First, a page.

Nonhuman primates don’t have formal kinship systems, but genetic relatedness shapes patterns of residence, behavior, mating preferences, and cognition in the primate order. The goal of this article is to provide insight about the ancestral foundations on which the first human kinship systems were built. In order for evolution to favor nepotistic biases in behavior, individuals need to have opportunities to interact with their relatives and to be able to identify them. Both these requirements impose constraints on the evolution of kinship bonds in primate species. For nonhuman primates and many other mammals, maternal care generates close ties between mothers and offspring and among littermates. For species in which mother–offspring bonds extend beyond weaning, associations with the mother also generate familiarity among siblings of different ages. For species with female philopatry, mother–offspring ties provide the foundation for lifelong relationships between mothers and daughters, and dense matrilineal kin networks. However, several factors constrain the development of kinship bonds in nonhuman primates. First, dispersal strategies, which are designed to reduce inbreeding, bias kinship networks in favor of the philopatric sex. Second, hostile relationships between groups mean that kin ties are usually severed when individuals move from one group to another. Third, in species with polygynandrous mating systems, uncertainty about paternity and restricted periods of male reproductive monopoly limit the scope for development of ties among fathers and offspring, paternal siblings, or extended paternal kin networks. In this article, I explore the impact of these factors on the evolution of ancestral human kinship systems.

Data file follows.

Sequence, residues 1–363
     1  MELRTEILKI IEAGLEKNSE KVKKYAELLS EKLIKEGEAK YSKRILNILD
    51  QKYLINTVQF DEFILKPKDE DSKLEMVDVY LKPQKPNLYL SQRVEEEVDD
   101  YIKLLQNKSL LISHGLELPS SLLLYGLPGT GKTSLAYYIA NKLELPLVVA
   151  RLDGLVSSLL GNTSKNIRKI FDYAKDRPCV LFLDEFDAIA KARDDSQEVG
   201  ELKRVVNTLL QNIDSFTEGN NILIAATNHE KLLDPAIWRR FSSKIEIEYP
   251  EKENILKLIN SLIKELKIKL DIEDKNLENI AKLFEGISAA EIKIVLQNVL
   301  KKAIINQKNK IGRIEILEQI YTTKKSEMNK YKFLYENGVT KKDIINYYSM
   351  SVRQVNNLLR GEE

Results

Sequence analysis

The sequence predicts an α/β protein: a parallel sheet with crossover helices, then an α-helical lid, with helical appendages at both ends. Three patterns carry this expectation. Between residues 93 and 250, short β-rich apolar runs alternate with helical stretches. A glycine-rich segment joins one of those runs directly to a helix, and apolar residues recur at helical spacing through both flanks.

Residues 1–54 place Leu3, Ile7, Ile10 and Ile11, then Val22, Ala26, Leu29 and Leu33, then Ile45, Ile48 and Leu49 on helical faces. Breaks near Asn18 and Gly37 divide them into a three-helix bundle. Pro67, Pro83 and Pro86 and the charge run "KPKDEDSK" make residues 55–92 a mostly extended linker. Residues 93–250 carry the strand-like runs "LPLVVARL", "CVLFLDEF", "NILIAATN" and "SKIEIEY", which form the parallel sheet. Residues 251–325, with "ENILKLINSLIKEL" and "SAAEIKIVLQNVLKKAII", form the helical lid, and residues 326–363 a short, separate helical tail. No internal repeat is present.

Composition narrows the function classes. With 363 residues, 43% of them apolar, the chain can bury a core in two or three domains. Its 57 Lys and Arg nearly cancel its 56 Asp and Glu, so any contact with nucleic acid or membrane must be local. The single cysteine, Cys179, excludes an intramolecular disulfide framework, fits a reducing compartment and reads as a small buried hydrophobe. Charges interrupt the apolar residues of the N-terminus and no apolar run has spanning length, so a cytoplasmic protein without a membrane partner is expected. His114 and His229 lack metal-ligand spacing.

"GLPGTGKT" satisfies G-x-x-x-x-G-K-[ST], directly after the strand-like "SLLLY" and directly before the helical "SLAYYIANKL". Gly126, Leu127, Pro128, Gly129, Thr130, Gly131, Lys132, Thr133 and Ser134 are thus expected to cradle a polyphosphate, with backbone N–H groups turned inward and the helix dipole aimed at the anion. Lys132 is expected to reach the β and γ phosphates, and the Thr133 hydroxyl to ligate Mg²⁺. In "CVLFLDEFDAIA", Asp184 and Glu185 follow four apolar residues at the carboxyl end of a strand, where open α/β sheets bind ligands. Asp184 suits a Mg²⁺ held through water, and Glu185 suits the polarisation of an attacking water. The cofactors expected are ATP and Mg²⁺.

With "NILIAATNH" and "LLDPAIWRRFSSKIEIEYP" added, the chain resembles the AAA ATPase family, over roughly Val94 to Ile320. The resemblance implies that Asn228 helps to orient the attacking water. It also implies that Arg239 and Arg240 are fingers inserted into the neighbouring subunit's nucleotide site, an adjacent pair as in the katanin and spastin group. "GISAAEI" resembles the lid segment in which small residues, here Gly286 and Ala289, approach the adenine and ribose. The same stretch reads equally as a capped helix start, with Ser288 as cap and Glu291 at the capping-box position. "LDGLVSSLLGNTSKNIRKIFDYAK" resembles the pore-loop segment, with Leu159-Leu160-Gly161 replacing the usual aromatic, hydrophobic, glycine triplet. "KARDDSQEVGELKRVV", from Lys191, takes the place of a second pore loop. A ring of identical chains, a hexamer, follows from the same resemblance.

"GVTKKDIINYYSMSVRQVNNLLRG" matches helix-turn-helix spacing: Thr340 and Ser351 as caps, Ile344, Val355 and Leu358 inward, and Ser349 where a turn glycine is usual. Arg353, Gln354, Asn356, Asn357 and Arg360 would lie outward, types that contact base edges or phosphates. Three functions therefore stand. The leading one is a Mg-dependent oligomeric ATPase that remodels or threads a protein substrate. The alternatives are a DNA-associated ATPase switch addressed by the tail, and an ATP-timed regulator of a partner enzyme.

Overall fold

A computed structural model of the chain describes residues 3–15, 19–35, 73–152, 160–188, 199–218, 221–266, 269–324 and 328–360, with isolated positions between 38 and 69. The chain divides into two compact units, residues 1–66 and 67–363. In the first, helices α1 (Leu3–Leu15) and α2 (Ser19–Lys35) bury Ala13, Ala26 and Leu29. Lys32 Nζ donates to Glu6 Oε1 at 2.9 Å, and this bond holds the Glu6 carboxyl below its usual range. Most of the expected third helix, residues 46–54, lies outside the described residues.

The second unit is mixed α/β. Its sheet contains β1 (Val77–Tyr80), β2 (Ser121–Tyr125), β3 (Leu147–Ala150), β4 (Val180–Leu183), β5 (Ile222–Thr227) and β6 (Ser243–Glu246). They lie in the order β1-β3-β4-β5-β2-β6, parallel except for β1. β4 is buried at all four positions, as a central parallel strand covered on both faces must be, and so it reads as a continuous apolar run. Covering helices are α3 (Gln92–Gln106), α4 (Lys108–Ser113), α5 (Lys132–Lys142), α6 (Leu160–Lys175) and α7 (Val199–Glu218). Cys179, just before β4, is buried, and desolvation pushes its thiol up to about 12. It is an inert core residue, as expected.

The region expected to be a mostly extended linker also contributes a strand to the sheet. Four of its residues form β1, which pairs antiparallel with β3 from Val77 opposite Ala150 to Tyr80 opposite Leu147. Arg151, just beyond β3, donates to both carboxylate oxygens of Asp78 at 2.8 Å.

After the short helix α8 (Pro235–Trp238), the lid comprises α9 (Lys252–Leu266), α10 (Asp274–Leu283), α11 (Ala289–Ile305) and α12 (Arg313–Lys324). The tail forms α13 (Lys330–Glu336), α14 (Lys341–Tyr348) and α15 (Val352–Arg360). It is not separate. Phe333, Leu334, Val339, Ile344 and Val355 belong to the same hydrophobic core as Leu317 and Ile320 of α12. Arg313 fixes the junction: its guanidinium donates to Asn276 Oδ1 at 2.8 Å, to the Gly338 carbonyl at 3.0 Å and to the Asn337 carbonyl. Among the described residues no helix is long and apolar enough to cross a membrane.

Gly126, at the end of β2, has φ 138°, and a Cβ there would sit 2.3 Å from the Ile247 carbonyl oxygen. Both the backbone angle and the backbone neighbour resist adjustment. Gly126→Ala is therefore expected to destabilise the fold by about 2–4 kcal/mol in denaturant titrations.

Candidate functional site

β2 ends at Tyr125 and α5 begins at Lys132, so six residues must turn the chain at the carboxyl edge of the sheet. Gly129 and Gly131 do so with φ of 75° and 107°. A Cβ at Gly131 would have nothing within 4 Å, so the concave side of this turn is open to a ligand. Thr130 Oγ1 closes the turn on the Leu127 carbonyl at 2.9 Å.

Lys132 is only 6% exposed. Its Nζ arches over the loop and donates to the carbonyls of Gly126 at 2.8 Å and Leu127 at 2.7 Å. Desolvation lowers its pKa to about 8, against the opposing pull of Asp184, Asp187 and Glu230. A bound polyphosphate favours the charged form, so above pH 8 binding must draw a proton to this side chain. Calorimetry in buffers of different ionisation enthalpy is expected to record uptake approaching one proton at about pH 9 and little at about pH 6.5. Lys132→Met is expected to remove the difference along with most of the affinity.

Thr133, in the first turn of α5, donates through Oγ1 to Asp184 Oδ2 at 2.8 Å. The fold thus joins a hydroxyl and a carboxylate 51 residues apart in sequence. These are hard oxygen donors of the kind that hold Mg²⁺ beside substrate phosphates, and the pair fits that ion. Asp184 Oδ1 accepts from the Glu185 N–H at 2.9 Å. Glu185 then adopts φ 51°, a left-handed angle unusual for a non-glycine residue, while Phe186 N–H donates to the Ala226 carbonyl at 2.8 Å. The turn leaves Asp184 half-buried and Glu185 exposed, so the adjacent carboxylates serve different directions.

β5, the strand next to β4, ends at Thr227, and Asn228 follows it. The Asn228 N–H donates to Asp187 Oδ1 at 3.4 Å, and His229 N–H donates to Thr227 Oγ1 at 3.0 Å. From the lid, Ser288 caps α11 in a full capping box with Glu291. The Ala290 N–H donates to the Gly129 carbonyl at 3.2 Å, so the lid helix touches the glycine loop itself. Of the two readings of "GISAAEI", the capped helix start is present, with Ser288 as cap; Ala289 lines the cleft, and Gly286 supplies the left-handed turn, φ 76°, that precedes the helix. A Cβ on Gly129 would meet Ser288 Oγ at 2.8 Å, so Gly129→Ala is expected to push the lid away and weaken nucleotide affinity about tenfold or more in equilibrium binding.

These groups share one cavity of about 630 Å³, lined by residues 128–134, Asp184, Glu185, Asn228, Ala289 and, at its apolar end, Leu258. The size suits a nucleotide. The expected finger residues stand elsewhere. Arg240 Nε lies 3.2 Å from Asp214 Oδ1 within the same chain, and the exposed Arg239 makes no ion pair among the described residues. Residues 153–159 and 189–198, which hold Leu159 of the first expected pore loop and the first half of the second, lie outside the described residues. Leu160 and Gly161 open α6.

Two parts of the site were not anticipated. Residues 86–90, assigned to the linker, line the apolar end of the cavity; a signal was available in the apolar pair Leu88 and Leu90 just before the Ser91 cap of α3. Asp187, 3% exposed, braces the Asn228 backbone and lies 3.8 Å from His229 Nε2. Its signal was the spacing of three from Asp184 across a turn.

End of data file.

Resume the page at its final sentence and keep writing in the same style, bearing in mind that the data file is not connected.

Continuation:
- Kin discrimination
- Kin recognition
ASJC Scopus subject areas
- Ecology, Evolution, Behavior and Systematics
- History and Philosophy of Science